It seems like the golden rule of rap: once you get on, go back home and put your crew on. Once Eminem got big with the Head Doctor, he went back to Detroit to get the other five members of his D12 circle. After Nelly educated listeners with his country grammar, his fellow St. Lunatics came along. Cam’ron is ruling the streets with the Diplomats, and even a pre-sanctified Mase had an album with his Harlem World clique.
Ghostface is the next to hop on the trend, with his Theodore Unitâ€”obviously deriving from 50 Cent’s G-Unitâ€”consisting of himself, Kryme Life, Cappadonna, Shawn Wiggs, Du-Lilv, Trife Da God, and Solomon Childs. Besides Cappadonna’s work with the Wu-Tang Clan and Trife’s appearances on Ghost’s last two studio albums, the crew’s members are seemingly unheard of. Will this Staten Island crew’s music quality keep up with that of G-Unit, or that of Harlem World?
Ghostface wisely includes many songs that were cut from The Pretty Toney Album on Theodore Unit’s 718. While listeners who just heard Ghost’s Def Jam debut will just like the songs for what they are, die-hard Ghost fans will appreciate the tracks appearing somewhere other than the Internet. “Guerilla Hood” features Ghost’s off-kilter flow at its best, as he claims that he’s a “silverback gorilla, though I sleep outside the bing.” “The Drummer” features Ghost, Streetlife, and Trife spitting over a stellar arrangement of chipmunk samples, drums and deep keys by producer Self, with Method Man upstaging all of the above with vocals that beg for a Wu-Tang reunion.
Trife Da God will undoubtedly establish a buzz after this album, emerging as the crew’s Lloyd Banks or Juelz Santana. With his raw, authoritative flow and exceptional punchline prowess, he shows the most solo potential of the crew. He calls all the shots on his “Punch In Punch Out” solo effort, follows his dollars spent on Pretty Toney dropout “Paychecks,” and makes listeners respect his gangsta by rhyming alongside Ghost to a classic Big Daddy Kane sample on “’88 Freestyle.” “Who Are We” features Bone Crusher contributing an energetic hook while Trife and Ghost spit to the best beat on the disc, with producer Dirty Dean inexplicably flips the Scooby-Doo theme music to create a new hood anthem. Check Trife’s vicious verse:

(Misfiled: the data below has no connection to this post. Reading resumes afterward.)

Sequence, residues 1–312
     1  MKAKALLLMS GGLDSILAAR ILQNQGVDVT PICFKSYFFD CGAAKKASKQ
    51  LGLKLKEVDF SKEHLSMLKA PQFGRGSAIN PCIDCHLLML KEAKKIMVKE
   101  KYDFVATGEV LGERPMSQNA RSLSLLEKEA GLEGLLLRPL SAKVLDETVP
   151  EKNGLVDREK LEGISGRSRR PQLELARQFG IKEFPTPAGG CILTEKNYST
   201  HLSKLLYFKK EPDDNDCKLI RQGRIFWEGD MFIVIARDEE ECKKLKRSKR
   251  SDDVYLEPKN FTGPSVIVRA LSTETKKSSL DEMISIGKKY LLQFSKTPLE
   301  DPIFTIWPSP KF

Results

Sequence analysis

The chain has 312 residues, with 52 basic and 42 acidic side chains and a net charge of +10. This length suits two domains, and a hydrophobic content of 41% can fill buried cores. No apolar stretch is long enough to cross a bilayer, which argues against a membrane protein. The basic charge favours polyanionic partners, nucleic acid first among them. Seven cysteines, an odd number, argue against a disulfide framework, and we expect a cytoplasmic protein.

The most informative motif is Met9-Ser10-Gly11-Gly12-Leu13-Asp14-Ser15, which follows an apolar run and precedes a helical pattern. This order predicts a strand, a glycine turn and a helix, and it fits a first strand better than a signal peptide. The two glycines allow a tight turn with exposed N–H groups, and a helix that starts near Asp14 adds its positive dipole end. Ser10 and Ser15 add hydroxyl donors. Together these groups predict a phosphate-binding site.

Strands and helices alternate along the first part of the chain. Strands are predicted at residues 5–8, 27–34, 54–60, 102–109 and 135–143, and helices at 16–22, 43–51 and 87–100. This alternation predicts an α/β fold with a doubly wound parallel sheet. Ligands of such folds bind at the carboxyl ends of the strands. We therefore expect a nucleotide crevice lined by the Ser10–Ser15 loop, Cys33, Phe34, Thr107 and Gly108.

“It’s Trife the barbarian
Quick to put ya dogs to sleep like veterinarians
have em layin up somewhere in the Presbyterian
doctors pumpin air in him
and got his soul floatin, like he was high off of helium
my block is like the Gaza Strip, opposite of metropolis
we hungry like some hostages, niggas get shot and die for this
while you sit and write about stories that just do not exist
your lies are fabricated and you, don’t make no kind of sense”
The rest of Theodore Unit’s members don’t fair as well as Trife. Kryme Life shows exceptional wordplay, but he’s curiously limited to only two verses on the disc. Cappadonna is also mysteriously absent with his Wu-Tang recognition, only appearing on two tracks as well. Solomon Childs has adequate lyrical skill and is decent in a group setting, but his slow, dragging flow is too much to deal with on a solo basis. While the melancholy “Mama Can You Hear Me” and the lush “Be My Girl” feature staggering production by Nexus and Milestone, respectively, Childs can’t push it over the hump.
Still, where the unit falters, Ghostface proves to be the LeBron James of the squad and makes his teammates better while on the court. Each of the tracks that don’t work come up while Pretty Toney is on the bench cheering his teammates on. While the attempts to give all of the members shine are admirableâ€”and plausible, since each of them show glimpses of greatnessâ€”the rest of Theodore Unit still fairs better while their point guard is dishing the assists.